Austria Conference Calls For Controls On ‘Killer Robots’

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Internatinal conference in Vienna calls for controls on AI-powered autonomous weapons to ensure humans remain in control

Attendees of an international conference in Vienna this week have called for renewed efforts to regulate the development of artificial intelligence-powered autonomous weapons systems, or “killer robots”, amidst surging development in the AI field and largely stagnant efforts at controlling its application to the military.

“Humanity is at a crossroads and must come together to address the fundamental challenge of regulating these weapons,” said organisers of the conference.

The conference, hosted by the Austrian Federal Ministry for European and International Affairs, is called “Humanity at the Crossroads: Autonomous Weapons Systems and the Challenge of Regulation” and runs from Monday to Tuesday of this week at the Hofburg Palace in Vienna.

It follows a separate civil society forum on Sunday at Palais Wertheim organised by the International Campaign to Stop Killer Robots.

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Human control

“We cannot let this moment pass without taking action. Now is the time to agree on international rules and norms to ensure human control,” Austrian Foreign Minister Alexander Schallenberg told the main conference, attended by non-governmental and international organisations as well as envoys from 143 countries, according to a Reuters report.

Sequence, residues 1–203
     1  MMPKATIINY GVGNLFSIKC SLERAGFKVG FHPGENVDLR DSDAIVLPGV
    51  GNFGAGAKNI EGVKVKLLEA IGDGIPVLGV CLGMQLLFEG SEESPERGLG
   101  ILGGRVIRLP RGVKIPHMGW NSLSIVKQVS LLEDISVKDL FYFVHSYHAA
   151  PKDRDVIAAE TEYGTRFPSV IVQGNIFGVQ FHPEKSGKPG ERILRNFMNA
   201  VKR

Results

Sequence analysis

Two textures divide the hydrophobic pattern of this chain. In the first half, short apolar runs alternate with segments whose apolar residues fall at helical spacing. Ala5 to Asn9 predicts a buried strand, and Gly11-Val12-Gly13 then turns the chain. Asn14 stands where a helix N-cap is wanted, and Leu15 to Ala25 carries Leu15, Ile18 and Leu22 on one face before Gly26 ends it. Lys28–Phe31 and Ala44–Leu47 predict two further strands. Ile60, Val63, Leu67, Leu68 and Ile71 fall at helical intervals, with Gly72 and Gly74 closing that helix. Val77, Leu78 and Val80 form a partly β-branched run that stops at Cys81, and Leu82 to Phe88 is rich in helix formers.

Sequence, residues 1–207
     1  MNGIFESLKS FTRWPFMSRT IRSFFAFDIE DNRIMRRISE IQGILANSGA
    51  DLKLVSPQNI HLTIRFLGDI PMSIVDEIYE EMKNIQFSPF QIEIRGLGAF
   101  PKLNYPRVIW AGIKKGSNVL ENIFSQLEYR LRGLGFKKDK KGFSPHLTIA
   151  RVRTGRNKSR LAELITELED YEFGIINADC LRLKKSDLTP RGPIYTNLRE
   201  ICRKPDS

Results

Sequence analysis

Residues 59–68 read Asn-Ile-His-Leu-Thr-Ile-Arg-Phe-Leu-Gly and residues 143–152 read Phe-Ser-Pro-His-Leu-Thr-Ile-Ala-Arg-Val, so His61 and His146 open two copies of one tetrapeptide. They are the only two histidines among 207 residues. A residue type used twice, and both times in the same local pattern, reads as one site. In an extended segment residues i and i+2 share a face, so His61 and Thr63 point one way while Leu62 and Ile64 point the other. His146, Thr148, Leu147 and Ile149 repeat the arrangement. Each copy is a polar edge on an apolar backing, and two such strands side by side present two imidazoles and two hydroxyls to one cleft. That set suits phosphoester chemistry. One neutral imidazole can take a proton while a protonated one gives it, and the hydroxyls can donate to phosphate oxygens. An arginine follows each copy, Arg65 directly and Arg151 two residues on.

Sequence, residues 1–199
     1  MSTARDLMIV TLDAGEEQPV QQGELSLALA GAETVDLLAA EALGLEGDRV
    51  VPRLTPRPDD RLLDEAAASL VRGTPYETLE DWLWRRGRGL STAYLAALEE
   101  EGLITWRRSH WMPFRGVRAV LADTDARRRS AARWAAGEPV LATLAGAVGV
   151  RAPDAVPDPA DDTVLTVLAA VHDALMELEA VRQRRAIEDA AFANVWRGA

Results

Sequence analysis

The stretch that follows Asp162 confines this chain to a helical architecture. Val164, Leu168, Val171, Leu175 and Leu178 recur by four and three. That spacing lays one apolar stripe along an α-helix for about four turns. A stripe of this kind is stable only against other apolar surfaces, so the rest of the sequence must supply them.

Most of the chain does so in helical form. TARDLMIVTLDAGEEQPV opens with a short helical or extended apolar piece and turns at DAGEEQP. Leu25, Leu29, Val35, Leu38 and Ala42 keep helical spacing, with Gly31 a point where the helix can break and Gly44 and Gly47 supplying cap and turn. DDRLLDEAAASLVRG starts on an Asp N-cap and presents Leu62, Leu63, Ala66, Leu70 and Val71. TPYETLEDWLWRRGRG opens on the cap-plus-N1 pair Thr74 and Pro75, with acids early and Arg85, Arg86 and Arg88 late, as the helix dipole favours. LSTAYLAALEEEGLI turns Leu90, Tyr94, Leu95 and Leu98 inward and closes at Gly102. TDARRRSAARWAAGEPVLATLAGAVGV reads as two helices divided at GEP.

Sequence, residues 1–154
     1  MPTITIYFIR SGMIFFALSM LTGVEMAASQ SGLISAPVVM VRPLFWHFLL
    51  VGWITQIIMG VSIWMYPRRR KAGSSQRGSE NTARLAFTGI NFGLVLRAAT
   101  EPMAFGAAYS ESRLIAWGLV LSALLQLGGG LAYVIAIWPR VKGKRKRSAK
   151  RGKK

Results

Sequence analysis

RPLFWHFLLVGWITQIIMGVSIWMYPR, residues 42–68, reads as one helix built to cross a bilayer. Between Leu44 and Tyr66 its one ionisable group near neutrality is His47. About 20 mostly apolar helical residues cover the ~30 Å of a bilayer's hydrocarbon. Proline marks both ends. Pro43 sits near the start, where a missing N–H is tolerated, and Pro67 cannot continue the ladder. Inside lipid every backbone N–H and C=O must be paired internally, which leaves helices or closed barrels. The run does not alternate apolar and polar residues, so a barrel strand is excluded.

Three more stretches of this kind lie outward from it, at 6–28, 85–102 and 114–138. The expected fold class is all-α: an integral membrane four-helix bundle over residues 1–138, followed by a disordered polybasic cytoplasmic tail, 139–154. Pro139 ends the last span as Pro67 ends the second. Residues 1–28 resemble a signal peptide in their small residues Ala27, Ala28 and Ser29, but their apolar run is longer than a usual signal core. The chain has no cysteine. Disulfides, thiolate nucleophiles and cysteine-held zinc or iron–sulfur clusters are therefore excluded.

“At least let us make sure that the most profound and far-reaching decision, who lives and who dies, remains in the hands of humans and not of machines,” he said in the conference’s opening speech.

Efforts at the United Nations to regulate autonomous weapons have stalled in recent years, even as public interest in AI has reached new highs due to the popularity of services such as OpenAI’s ChatGPT or AI-powered image-generation tools.

Panels at the conference are due to cover areas including the current direction of technological development, the implications of “autonomy” on international security and society in general and positive obligations that could ensure adequate human judgement and control of weapons systems.

‘Moral failures’

Panelists are also to examine areas including the ethical and human rights implications of processing people as data through sensors and algorithms to make decisions about subjecting them to physical force, and the risk of an “autonomy” arms race, which it is feared could lower the threshold for military confrontation and proliferation of non-state armed groups.

The president of the International Committee of the Red Cross, Mirjana Spoljaric, told a panel discussion that the current context shows evidence of “moral failures in the face of the international community” and that such failures risk acceleration if the responsibility for violence is given “over to machines and algorithms”.

Programmer and tech investor Jaan Tallinn said in a keynote speech that AI is already making errors in areas such as football and self-driving cars.

“We must be extremely cautious about relying on the accuracy of these systems, whether in the military or civilian sectors,” he said.

The US highway safety regulator has in recent days opened investigations into the AI-powered driver-assistance features offered by Ford and Tesla over potential safety issues that may have contributed to multiple fatal accidents.